Take to the impulse buy column with your budgeting chainsaw. We’re not suggesting going cold turkey on caffeine, but rather embrace the craft of the pleasure delayer. If you normally drink two takeaway coffees a day, reduce to one, if you normally have one a day, just have one every other day. Saving $3/$4 on a coffee every day doesn’t sound like much, but the cumulative power of these small savings is real. While they’re not totally painless (we do like our coffee), in the scheme of things, there are harder ways to save money.
All the money you’re saving in this manner needs to be put into that money box we mentioned up top.
If you’re in paid employment and not working in your pyjamas from the basement, chances are you commute to work every day. Take a look at how you get to work and see if there is a cheaper way to get there. Do you drive? Is there a public transport option that isn’t going to take six hours a day? If there is, use it. Running a car is two things: Convenient and expensive.
If you don’t drive, do you use taxis much? Taxis are an absolute bloodbath to budgets and cost plenty more than buses (when available). So if you can ditch a cab for a bus, do it. Another word on taxis: You’re out on the town and you know the last train home leaves in 10 minutes. After that your only option is a $50/$100 taxi ride (or an all-nighter!) Bid your friends good night and get the train. That $100 will go far further in Southeast Asia.
Savings from transport: Into the money box, please.
That loose change that accumulates in the bottom of your purse or the coin pocket in your jeans? When you get home each day, dutifully empty it into the money box.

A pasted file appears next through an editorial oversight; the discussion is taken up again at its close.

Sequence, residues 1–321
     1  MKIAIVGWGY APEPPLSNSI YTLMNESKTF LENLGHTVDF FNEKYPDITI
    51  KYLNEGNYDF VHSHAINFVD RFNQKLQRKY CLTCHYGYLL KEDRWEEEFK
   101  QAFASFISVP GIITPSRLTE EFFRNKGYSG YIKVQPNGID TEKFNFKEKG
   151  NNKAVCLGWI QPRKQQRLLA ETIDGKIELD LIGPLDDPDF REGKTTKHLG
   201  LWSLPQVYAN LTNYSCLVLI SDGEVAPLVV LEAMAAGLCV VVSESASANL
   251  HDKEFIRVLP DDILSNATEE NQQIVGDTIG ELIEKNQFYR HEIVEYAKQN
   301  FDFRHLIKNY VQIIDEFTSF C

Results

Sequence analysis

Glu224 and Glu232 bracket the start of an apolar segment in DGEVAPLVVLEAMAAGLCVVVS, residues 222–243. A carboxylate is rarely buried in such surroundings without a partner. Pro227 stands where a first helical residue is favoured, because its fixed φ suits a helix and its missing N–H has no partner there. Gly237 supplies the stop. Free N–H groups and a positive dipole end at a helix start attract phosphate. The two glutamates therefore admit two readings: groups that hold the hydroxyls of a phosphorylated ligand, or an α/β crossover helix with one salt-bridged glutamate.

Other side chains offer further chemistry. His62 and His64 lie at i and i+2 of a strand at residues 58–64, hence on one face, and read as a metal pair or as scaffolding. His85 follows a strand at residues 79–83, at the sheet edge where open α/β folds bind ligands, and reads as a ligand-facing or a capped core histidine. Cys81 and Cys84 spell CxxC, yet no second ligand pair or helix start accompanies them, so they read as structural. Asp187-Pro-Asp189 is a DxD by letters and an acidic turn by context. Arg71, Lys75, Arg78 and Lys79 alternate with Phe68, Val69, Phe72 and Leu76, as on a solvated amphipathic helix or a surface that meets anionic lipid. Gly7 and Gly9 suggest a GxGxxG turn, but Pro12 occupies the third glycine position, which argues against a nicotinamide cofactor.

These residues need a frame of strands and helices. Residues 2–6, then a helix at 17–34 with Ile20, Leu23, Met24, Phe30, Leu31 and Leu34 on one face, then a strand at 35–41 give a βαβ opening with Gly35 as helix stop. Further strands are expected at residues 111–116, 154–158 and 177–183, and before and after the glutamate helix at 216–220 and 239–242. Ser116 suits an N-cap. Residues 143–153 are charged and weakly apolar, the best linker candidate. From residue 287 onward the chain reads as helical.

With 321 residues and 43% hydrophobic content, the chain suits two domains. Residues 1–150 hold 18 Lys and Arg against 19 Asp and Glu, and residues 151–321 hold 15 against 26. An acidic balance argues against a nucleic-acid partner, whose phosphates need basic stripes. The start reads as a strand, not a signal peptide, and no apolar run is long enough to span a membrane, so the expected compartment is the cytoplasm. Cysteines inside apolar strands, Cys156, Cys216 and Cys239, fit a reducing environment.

It can be tempting to “pump up” the money box now and then by depositing a crisp $20 note now and then when you’re feeling flush, and this can be a good idea—just be wary of over-stretching yourself: You don’t want to put yourself in a position where you need to cut the money box open to pay rent, as once that money box is cut open all bets are off and you’ll be amazed just how quickly the contents vanish...just like they used to.
If you have an active social life, look at how you can cut back. If you’re normally heading our three or four times a week, cut back to twice. Regardless of whether a night normally sets you back $20 or $200, you know where we’re going to tell you to stick that money right? The money box!
Do you tend to eat out a lot just because you don’t want to cook at home? Stop it. Get into the habit of preparing food at home—it will save you money and probably be a lot healthier, too. Do you normally head out to a cafe for your lunch break? Make your lunch at home and bring it in. When we worked in London we used to ridicule a workmate who did exactly this, while we went down to the pub every day. It was funny right up to the moment when we ran out of money in India while he had enough to keep going for another month.
Well, you can if you want, but there is no need to withdraw entirely from society in order to save for a trip to Southeast Asia. Keep your perspective. Yes, it is true that a weekend away with friends is going to set you back $300, which would keep you in a hammock on Ko Pha Ngan for at least a week, but it will probably be a great weekend away, and you’ll regret not going. Just bear in mind that there's an opportunity cost involved.
Planning well is an integral part of getting the most out of your trip. Be it picking the right backpack, the right vaccinations or the right country, the simple decisions are often the most important.